Rutland’s new mayor says community rebuilding after bruising refugee fight

After defeating Christopher Louras in a race widely regarded as a referendum on refugee resettlement, Rutland Mayor David Allaire is working to rebuild the city’s image around transparency and economic growth.

A former state legislator and city alderman president, Allaire is a fiscally-minded Republican who seeks to embrace the ethnic and religious diversity in the Rutland County shire town of 16,500.

Allaire ran twice before against Louras — a powerful incumbent who served six two-year terms — but lost. But as he told True North Reports this week in an interview, “The third time was the charm.” He defeated the controversial former mayor by a 51 to 34 percent margin.

RELATED: Rutland voters unseat secretive mayor after year-long refugee fight

While jobs and a flagging local economy were issues in last year’s race, the issue that stoked passions among voters was Louras’ divisive plan to resettle 100 Syrian Civil War refugees and make Rutland a permanent resettlement community.

Hailed among the left as a leader for Muslim immigration, Louras was vilified by conservatives, and a majority of voters, for bypassing the Board of Aldermen to bring in refugees. Louras hatched the plan in secret.

Courtesy of David Allaire

Rutland Mayor David Allaire

Allaire stepped into the mayor’s office promising transparency, healing, jobs and a rebirth of civic pride. He’s among Rutland’s proudest boosters, and as a 19-year member of the Board of Alderman, he understands the city’s many challenges, from immigration to opioid abuse.

“I came into this office saying I wasn’t pleased with the (refugee resettlement) process here in Rutland,” Allaire said. “We were left out of the planning and communications. … It was unfair to the folks of this city.”

While Allaire pledged to stop Louras’ secretive agenda, he is up against first-term Republican Gov. Phil Scott, who is a vocal opponent of  President Donald Trump’s plans to halt illegal immigration and improve the vetting process for refugees from terrorist-ridden Middle Eastern countries. Since his election last November, Scott has aligned himself with “sanctuary city” proponents within Vermont while skillfully parsing the legal definition of “sanctuary” to stay within federal law.

“I am not 100 percent sure where Gov. Scott is on all of this, so we’re going to discuss it,” Allaire said. “Right now there are two (Syrian) families settled here in Rutland, and we’ve welcomed them. The refugees aren’t the issue — it’s the policy, and a question of transparency.”

Despite lingering bad feelings and concerns about Louras’ refugee policy, Allaire said there are bigger issues on his plate at the moment.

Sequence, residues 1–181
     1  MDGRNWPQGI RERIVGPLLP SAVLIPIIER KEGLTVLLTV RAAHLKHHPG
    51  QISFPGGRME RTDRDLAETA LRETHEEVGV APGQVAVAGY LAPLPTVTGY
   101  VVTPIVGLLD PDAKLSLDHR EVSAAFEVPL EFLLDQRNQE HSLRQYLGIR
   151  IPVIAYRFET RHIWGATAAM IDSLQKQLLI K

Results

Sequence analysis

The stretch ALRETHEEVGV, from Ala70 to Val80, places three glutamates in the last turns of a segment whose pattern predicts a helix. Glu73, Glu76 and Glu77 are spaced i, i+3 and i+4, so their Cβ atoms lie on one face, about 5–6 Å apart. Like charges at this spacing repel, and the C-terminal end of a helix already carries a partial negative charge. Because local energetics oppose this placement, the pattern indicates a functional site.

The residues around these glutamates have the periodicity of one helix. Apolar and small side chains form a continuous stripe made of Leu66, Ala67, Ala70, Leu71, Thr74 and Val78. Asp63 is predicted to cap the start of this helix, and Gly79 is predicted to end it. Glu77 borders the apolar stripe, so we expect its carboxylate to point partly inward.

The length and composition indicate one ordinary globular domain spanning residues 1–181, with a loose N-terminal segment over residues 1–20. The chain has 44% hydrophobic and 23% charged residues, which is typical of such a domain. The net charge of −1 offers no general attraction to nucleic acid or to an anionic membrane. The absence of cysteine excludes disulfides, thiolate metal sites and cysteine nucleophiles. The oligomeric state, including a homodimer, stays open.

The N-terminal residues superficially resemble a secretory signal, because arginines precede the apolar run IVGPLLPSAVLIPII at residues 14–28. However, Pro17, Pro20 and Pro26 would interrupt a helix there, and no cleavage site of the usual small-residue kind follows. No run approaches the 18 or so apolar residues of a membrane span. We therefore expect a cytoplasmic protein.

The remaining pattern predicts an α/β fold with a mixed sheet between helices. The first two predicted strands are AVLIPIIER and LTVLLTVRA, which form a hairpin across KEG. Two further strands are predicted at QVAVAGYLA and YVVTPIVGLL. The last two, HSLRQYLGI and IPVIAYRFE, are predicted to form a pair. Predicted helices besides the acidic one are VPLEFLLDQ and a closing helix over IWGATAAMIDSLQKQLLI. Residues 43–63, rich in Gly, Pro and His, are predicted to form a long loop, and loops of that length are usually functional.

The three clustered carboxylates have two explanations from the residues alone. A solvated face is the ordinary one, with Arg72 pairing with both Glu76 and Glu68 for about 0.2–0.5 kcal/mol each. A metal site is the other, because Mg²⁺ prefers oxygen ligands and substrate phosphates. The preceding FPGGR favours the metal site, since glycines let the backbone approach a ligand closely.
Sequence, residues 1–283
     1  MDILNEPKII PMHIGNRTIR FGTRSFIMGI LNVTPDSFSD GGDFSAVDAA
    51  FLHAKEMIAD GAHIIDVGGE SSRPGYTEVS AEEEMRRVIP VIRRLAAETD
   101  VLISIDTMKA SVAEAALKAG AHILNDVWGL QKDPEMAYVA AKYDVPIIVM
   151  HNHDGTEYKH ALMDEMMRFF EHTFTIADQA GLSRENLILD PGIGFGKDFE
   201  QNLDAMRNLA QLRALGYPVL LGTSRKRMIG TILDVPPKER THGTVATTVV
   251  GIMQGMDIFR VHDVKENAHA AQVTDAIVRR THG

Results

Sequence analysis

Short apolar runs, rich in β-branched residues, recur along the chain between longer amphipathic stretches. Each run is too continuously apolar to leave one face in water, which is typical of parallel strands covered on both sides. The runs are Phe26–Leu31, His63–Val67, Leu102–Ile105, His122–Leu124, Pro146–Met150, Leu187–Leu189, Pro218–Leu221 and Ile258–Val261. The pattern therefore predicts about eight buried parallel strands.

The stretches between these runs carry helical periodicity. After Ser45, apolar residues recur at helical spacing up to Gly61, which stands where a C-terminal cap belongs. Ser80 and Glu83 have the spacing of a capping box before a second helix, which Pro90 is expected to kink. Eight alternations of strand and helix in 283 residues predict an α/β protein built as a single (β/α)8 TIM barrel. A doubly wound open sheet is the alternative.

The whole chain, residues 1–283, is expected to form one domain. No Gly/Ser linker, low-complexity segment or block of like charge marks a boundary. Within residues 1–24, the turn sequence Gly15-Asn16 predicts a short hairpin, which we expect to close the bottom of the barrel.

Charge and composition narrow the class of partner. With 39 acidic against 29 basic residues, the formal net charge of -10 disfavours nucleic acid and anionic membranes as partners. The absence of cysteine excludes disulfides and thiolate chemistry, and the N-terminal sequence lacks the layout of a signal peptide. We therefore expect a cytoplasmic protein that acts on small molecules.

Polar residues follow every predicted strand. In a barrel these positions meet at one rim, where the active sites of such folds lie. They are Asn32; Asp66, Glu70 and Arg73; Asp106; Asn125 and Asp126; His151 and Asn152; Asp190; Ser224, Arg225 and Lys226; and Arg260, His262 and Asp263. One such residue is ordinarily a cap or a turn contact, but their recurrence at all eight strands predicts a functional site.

“The top theme of this administration, as we heard from people during the campaign, is jobs and economic development,” he said. “These are really key to any success we’re going to have here in the city of Rutland.”

Allaire is on board with efforts by the Rutland Region Chamber of Commerce and Rutland Economic Development Corporation to aggressively rebrand the city, which has shrunk by 2,000 residents in the past decade or so.

“We are aging,” the mayor said. “I think Rutland is the oldest county in Vermont, and that poses a problem 20 years out. We’re trying to attract people and reaching out to companies.

“We hired a young, vibrant group of (marketing) people who shared some good ideas with us and showed us some of the deficiencies that they saw. They are now developing a plan involving retaining our youth and building up our population.”

Despite Rutland’s sometimes negative treatment by the news media, Allaire said that the city has many great attributes — its ideal geographic location, hardworking workforce and safe schools.

“Housing is plentiful and reasonably priced and places are available now,” he said. “This is the message we all want to share outside of our borders.”

In a move to bring younger blood to the metro area, Rutland has partnered with Castleton University to develop residential housing for students in the downtown area. The university’s new Foley Hall has opened downtown and is a place for business- and artistic-minded graduate students. Meanwhile, the Gryphon Building will receive even more students, too.

“Hopefully, once young people see that Rutland is a great place to live, they’ll consider looking for work here,” Allaire said.

Allaire also wants to aggressively fill the empty storefronts downtown. “It wasn’t very long ago — about 18 months ago — that we were at 90 percent occupancy,” he noted. “Recently, one after another have left… we are trying to figure out why.”

Fairly or not, the media has focused on Rutland as ground zero in the costly opioid crisis. While there is truth to that viewpoint, the fact remains that all of Vermont is ground zero drug abuse.

To help stop the crisis, Allaire is an advocate of the city’s Project Vision program, a community-wide effort to give Rutland residents the resources necessary to help improve neighborhoods and create a new generation of community leaders.

“We’re going to develop strategies, make recommendations for legislation and put a plan together to address the underlying causes (of the drug epidemic),” Allaire said. “The family structure has changed and not for the better. The opioid problem spans the nation, but the perception is that Rutland is ground zero. Project Vision is a model here … to develop strategies to address the underlying problems of addiction and crime.”

Lou Varricchio is a freelance reporter for True North Reports. Send him news tips at lvinvt@gmx.com.

One thought on “Rutland’s new mayor says community rebuilding after bruising refugee fight

  1. Market Rutland as the “next Brooklyn” and see how fast it fills up. Be sure to include links to real estate prices.

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